Just as the 5×5 grid is an "exception", the letter T is an exception to the rule about number of slopes: it has two slopes, like the L it is paired with, but it is the fifth letter in the sequence. Also, it must be moved to the end of the solving order, just as its letter must be moved to the end of the sequence order.


Assuming that these are number slope puzzles with numbers replaced with letters, it's possible to deduce from puzzles 2 and 4 that 'L' and 'S' are in between 'I' and 'O', in some order.

Looking at puzzle 2, we know the 'O' in the first column must be at the very bottom. Therefore, R1C1 is 'I'. We can sudoku place the L at R2C1, giving us the order 'ILSO' (or 'OSLI', if you want to reverse it).

Now, solving as much of the puzzles as we can, we can deduce what letters must appear in the corner cells with little quarter-of-circle markings. Map the letters in these corner markings to the centre 5x5 grid around that dot. If you introduce a new letter, let's use ' ' for now, and solve the 5x5 as a letter slope sudoku, you get the unique solution:


At this point, I seem to have solved as much of these puzzles as I can. So, what now?

EDIT: (Thanks to a nudge from @humn, some explanation from @Deusovi and some more nudging from the OP) I L O S are all the tetronimos. What's missing? T, of course! So, filling in the blank spaces in our 5x5 with T, we can see the final message 'I LOST' written out in the top column!

So why this ordering? T = 5 since sudokus range from 1-n where n is the size of the grid, so T, being the one left out of ILSO in the 4x4s, must be 5.
I L S O are in that order due to the number of cells in the tetronimo with 2 walls at a right angle. I has 0, L has 1, S has 2, and O has 4, giving us the order we have now!

  • $\begingroup$ Now you turn in all of your hard earned reputation :) $\endgroup$ – Emil Holub Jan 11 '17 at 10:24
  • $\begingroup$ Could the message be just the top line as two words? $\endgroup$ – humn Jan 11 '17 at 11:55
  • $\begingroup$ @humn good point! 'I LOSE' or 'I LOST' also fits very well with the flavortext of the quesiton! $\endgroup$ – TheGreatEscaper Jan 11 '17 at 12:00
  • $\begingroup$ You have found the message, well done! However, the explanation of the ordering is not quite correct (there is a much simpler and more thematic explanation), so I will put off accepting until someone finds the correct one. $\endgroup$ – Volatility Jan 11 '17 at 21:40
  • $\begingroup$ @Volatility is it anything to do with I=1, L=7, O=0, S=5 and E=3? ie. you gave him a puzzle of numbers, he gave you a puzzle that not only insults you, but also uses letters which are similar to numbers? $\endgroup$ – Joe Jan 12 '17 at 13:30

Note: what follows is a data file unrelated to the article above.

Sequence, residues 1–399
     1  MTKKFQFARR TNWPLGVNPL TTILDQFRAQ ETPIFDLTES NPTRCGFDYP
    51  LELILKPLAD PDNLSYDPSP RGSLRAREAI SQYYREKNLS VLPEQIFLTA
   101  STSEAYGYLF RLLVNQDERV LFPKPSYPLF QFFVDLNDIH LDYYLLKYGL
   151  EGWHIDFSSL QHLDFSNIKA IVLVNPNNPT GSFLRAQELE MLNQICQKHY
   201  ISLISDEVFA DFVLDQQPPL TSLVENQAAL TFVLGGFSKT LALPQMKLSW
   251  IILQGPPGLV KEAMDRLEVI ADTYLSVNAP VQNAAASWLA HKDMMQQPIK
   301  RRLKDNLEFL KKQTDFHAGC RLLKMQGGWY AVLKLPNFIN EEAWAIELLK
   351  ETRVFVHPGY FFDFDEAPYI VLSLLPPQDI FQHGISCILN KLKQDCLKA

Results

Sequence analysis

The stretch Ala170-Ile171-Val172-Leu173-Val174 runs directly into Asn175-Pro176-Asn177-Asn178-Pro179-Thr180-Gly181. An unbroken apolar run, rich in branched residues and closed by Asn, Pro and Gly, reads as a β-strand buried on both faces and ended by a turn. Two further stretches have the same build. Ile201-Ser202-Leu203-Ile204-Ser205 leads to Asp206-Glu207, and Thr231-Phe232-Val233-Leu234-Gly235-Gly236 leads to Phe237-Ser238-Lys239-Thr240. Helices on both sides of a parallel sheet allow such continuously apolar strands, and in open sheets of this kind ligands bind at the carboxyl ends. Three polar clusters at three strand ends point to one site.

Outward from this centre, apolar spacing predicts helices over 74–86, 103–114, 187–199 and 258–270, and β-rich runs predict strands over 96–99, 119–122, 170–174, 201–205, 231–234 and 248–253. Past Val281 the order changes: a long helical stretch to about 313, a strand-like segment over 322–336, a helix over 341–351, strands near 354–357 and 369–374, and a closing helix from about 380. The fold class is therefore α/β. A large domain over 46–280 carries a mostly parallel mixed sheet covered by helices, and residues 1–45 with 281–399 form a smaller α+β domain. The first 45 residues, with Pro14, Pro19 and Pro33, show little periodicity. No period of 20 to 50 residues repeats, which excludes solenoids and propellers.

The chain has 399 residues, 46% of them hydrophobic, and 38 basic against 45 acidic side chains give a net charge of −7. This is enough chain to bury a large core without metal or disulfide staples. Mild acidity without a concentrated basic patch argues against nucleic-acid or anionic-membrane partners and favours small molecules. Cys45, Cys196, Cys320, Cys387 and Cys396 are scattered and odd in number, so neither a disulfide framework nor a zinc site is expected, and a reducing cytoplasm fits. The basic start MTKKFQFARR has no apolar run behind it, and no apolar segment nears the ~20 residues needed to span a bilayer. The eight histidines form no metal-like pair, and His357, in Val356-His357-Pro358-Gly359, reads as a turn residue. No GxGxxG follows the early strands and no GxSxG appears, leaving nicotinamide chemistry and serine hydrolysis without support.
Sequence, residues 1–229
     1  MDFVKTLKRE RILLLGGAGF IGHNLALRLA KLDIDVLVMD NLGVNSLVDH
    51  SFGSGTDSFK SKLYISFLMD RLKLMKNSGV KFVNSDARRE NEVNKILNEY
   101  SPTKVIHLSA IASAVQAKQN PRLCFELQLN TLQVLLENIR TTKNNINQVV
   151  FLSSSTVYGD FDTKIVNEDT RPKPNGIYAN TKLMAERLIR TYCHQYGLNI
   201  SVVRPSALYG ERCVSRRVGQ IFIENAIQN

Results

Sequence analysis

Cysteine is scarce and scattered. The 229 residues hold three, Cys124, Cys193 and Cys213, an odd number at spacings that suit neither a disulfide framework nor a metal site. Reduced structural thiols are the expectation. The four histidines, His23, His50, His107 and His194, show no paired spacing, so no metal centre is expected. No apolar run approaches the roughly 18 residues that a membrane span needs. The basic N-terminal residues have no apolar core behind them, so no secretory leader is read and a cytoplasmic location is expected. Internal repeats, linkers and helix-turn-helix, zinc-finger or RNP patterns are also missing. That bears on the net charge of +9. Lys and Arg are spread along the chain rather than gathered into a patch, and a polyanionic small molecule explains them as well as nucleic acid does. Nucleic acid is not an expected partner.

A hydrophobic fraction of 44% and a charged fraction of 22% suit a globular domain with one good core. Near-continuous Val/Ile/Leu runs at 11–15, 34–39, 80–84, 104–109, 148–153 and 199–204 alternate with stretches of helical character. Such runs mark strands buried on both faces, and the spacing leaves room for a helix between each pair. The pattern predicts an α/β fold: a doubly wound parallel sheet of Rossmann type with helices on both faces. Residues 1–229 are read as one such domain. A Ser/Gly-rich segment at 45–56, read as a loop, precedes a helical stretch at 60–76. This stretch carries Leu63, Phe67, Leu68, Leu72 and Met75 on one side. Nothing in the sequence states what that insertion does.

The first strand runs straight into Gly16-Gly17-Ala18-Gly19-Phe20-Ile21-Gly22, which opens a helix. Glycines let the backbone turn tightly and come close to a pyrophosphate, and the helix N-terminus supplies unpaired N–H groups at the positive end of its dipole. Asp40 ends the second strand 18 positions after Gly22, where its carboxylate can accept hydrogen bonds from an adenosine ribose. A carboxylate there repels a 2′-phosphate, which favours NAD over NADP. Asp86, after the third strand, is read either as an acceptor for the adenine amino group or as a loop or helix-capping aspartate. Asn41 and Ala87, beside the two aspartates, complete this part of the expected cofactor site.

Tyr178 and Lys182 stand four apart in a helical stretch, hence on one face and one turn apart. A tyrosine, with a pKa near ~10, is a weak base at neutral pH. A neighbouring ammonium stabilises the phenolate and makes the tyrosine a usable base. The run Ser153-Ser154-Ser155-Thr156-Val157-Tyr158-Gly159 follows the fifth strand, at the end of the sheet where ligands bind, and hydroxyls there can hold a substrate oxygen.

Failed answer:

I tried to solve each slope puzzle as far as possible under the assumption that each letter could only appear once:

+-+-+-+-+   +-+-+-+-*   +-+-+-+-+-+   *-+-+-+-+   +-+-+-+-+
|O|  S| |   | |O   L|   |     |   |   |S  |  I|   |    L|I|
+ +   + +   + +-+-+ +   +   +-+ +-+   +   +   +   +-+-+ + +
| |   | |   |L|  O| |   |   |   | |   |I  |  S|   |   |I|L|
+ +-+-+ +   + + +-+-+   +-+-+ +-+ +   +-+-+-+-+   + +-+-+ +
| |   | |   | |L|  O|   |   | |   |   |  S I| |   |L|I  | |
+ +   + +   + + +   +   + * +-+   +   + +-+-+ +   + +   + +
| |S  |O|   |O| |L  |   |L S  |   |   | |I S  |   |I|L  | |
*-+-+-+-+   +-+-+-+-+   +-+-+-+-+-+   +-+-+-+-+   +-+-+-+-*
                        |         |
Solving the slope puzzles without knowing which letters were used was really fun!

Why it failed:

After moving the letters around the dots into the middle grid it could not be solved.

The other letters around the dot had to be after L and S respectively and the last remaining letter had to be after S. This means L is the first letter which leads to a contradiction when solving the grid.

I also tried to find common words only fitting the 4 smaller grids that could form a useful sentence, but no luck there either.

Bonus: Middle grid solved with the word slope (that is enough to solve it):

+-+-+-+-+-+   +-+-+-+-+-+
|S P L|O E|   |E L P|O S|
+   +-+ +-+   +   +-+ +-+
|O E|S L|P|   |O S|E P|L|
+-+-+ +-+ +   +-+-+ +-+ +
|L S|P|E O|   |P E|L|S O|
+ * +-+   +   + * +-+   +
|P O E|S L|   |L O S|E P|
+-+-+-+-+-+   +-+-+-+-+-+
|E L O P S|   |S P O L E|
+-+-+-+-+-+   +-+-+-+-+-+